The good news from an Irish point of view is that the EU’s chief Brexit negotiator wants the UK to have full access to EU markets without tariffs or quotas.
The less good news is that Michel Barnier insists that, to get such unique market access, the UK must follow EU rules on product standards and also keep Brussels’ rules on things like labour, environment, tax and state aid rules. There can be no undercutting the other 27 EU states.
The really bad news for Ireland – which is not really a surprise by now – is that UK Prime Minister, Boris Johnson, has said he will not systematically abide by these EU standards and rules. Mr Johnson has also signalled that he would take a lesser EU-UK trade deal as the price of freedom for London to set their own rules.
That in a nutshell was how the EU and Britain opened hostilities in Brexit's next bruising chapter on Monday. We are back again with tough red lines to frame a new EU-UK relationship after Brexit.
At issue is Irish exports to the UK worth some €16bn per year – and especially food and drink exports worth €4.6bn. That means a risk for tens of thousands of Irish jobs, especially in vulnerable sectors like food processing.
Time is again in short supply. The post-Brexit transition period, during which nothing changes, runs out on December 31. Mr Johnson said he definitely does want to extend it to allow more time for talks and he has stitched that “no-extension provision” into the Brexit legislation.
Speaking in Brussels, Europe’s chief negotiator, Michel Barnier, formally announced his ideas for the new relationship. He offered London a deep future relationship as long as Britain makes guarantees to trade fairly.
The former French minister said fisheries and fair trade would be his top priorities. Brussels diplomats said up to 11 months of talks will have a special focus on denying Britain "unfair competitive advantages".
"We are ready to offer a highly ambitious trade deal as the central pillar of this partnership, including zero tariffs," Mr Barnier told a news conference in Brussels.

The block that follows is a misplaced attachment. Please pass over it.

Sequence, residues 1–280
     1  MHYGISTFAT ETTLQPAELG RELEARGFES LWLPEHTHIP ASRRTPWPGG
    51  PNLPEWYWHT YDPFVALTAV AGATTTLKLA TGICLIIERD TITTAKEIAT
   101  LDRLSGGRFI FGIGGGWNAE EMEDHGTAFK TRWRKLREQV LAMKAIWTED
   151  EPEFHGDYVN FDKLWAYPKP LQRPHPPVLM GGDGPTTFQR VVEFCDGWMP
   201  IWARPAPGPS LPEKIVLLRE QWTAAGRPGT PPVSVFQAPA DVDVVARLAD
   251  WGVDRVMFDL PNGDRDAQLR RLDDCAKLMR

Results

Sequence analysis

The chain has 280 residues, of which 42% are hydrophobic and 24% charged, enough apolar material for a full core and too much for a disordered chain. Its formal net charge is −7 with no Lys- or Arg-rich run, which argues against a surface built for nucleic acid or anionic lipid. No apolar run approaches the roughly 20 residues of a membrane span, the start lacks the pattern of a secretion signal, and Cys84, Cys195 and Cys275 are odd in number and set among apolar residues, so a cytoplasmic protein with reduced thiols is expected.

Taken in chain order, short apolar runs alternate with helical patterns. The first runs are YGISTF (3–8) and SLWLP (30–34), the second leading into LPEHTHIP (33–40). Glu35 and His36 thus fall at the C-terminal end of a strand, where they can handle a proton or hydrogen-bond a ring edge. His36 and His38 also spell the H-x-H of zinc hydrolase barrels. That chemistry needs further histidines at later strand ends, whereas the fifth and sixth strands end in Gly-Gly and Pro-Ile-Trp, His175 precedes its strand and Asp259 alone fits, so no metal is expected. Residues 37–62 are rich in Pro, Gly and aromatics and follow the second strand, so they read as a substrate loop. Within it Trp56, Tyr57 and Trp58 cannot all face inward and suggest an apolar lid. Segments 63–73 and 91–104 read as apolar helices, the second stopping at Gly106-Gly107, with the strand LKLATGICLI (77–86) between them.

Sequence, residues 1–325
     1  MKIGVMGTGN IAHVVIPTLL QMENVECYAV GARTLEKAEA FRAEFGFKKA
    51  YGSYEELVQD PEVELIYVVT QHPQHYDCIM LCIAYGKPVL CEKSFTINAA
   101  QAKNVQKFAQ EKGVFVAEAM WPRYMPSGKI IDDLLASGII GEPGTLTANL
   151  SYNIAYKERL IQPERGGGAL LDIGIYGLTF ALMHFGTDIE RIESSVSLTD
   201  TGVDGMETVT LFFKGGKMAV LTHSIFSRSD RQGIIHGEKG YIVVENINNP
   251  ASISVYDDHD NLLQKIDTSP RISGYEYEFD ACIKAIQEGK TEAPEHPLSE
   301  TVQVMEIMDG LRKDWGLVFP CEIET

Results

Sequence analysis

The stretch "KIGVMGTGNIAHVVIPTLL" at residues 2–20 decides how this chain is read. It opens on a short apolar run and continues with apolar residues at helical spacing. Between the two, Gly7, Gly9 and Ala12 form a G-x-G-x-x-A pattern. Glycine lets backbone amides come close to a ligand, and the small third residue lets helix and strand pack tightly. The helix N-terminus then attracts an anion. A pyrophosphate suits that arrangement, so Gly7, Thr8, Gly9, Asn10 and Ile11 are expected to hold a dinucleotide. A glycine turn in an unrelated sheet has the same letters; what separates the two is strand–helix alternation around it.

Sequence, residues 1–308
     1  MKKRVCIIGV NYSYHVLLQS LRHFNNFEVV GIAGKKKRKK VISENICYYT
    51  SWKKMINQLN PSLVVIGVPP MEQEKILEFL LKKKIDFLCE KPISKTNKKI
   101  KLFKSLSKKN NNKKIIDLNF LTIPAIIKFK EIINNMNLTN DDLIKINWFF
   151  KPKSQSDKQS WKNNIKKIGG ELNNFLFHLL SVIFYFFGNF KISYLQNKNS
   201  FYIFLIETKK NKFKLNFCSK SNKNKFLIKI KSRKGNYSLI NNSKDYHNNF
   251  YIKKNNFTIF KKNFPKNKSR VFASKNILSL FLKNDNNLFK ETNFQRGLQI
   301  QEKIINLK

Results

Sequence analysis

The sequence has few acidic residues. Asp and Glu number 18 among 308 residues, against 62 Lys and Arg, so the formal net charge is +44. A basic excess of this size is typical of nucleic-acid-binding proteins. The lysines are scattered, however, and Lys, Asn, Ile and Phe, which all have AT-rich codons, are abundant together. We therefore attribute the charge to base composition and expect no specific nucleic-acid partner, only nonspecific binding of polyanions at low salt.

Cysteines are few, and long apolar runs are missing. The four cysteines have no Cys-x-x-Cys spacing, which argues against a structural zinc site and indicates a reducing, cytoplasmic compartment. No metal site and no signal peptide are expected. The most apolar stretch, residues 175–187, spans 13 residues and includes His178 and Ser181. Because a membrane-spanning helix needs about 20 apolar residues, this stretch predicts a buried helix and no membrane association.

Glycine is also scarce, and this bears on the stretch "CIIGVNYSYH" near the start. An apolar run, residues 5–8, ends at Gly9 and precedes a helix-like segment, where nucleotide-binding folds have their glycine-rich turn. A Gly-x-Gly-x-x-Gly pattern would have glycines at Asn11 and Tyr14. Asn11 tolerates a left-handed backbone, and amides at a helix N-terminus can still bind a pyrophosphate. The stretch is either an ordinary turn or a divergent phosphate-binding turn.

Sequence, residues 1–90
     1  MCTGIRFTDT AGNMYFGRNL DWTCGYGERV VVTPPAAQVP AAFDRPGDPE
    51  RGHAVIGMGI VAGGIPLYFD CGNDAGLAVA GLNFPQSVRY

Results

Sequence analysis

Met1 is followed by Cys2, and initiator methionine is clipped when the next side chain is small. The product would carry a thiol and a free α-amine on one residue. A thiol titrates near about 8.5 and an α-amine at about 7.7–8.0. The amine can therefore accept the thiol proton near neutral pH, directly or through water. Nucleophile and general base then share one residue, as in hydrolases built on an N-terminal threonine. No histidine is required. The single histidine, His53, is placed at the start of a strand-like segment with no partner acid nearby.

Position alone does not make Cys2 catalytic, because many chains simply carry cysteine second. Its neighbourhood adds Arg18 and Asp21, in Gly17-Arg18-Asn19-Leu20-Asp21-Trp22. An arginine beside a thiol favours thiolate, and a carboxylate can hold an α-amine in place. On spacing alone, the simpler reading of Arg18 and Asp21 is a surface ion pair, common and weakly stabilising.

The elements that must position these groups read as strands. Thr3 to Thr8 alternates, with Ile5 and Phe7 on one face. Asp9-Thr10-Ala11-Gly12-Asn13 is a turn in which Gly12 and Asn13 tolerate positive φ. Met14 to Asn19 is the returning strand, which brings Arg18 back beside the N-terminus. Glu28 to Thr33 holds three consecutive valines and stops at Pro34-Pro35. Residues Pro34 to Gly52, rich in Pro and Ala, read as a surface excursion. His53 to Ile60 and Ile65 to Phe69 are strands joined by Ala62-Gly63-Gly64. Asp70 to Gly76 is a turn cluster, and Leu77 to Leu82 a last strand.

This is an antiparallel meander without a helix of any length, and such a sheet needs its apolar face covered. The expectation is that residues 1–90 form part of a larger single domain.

"We must now agree on specific and effective guarantees to ensure a level-playing-field over the long term," he continued.
"That means a mechanism to uphold the high standards we have on social, environmental, climate, tax and state aid matters today and in their future developments," Mr Barnier added.
But Mr Barnier's vision instantly clash with that of Mr Johnson. He insisted that Britain's alignment with EU rules and regulations defies the spirit of Brexit and has to go.
Speaking in London a short time later to ambassadors and business people, Prime Minister Johnson said that the choice was either a Canada or Australia-style agreement. That would fall short of full EU market access and would spell trouble for Ireland.
"There is no need for a free trade agreement to involve accepting EU rules on competition policy, subsidies, social protection, the environment or anything similar, any more than the EU should be obliged to accept UK rules," Mr Johnson said.
"Are we going to insist that the EU does everything that we do as the price of free trade? Are we? Of course not,” he added.
"We want a comprehensive free trade agreement similar to Canada's but in the unlikely event that we do not succeed then our trade will have to be based on our existing withdrawal agreement with the EU," Mr Johnson continued.